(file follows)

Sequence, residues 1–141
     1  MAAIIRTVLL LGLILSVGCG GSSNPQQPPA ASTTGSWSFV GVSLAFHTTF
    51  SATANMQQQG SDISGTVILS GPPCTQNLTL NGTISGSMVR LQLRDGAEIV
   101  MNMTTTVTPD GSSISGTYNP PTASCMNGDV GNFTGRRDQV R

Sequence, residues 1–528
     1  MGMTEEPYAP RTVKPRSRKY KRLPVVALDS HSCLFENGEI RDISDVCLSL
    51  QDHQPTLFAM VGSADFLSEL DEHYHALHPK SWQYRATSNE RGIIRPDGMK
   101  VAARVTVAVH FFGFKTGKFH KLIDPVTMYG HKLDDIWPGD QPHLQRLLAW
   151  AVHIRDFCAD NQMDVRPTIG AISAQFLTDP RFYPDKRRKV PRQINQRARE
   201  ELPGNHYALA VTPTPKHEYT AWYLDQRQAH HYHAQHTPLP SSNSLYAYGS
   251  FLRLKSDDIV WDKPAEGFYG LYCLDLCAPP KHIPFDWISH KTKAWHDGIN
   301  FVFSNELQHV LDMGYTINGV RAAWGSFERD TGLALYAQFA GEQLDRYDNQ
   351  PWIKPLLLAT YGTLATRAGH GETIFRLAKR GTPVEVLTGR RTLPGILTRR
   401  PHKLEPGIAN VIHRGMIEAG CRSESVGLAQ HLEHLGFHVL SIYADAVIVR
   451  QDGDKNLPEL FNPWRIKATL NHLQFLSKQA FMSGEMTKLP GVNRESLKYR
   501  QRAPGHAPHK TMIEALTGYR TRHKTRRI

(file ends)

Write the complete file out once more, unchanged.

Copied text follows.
Sequence, residues 1–141
     1  MAAIIRTVLL LGLILSVGCG GSSNPQQPPA ASTTGSWSFV GVSLAFHTTF
    51  SATANMQQQG SDISGTVILS GPPCTQNLTL NGTISGSMVR LQLRDGAEIV
   101  MNMTTTVTPD GSSISGTYNP PTASCMNGDV GNFTGRRDQV R

Sequence, residues 1–528
     1  MGMTEEPYAP RTVKPRSRKY KRLPVVALDS HSCLFENGEI RDISDVCLSL
    51  QDHQPTLFAM VGSADFLSEL DEHYHALHPK SWQYRATSNE RGIIRPDGMK
   101  VAARVTVAVH FFGFKTGKFH KLIDPVTMYG HKLDDIWPGD QPHLQRLLAW
   151  AVHIRDFCAD NQMDVRPTIG AISAQFLTDP RFYPDKRRKV PRQINQRARE
   201  ELPGNHYALA VTPTPKHEYT AWYLDQRQAH HYHAQHTPLP SSNSLYAYGS
   251  FLRLKSDDIV WDKPAEGFYG LYCLDLCAPP KHIPFDWISH KTKAWHDGIN
   301  FVFSNELQHV LDMGYTINGV RAAWGSFERD TGLALYAQFA GEQLDRYDNQ
   351  PWIKPLLLAT YGTLATRAGH GETIFRLAKR GTPVEVLTGR RTLPGILTRR
   401  PHKLEPGIAN VIHRGMIEAG CRSESVGLAQ HLEHLGFHVL SIYADAVIVR
   451  QDGDKNLPEL FNPWRIKATL NHLQFLSKQA FMSGEMTKLP GVNRESLKYR
   501  QRAPGHAPHK TMIEALTGYR TRHKTRRI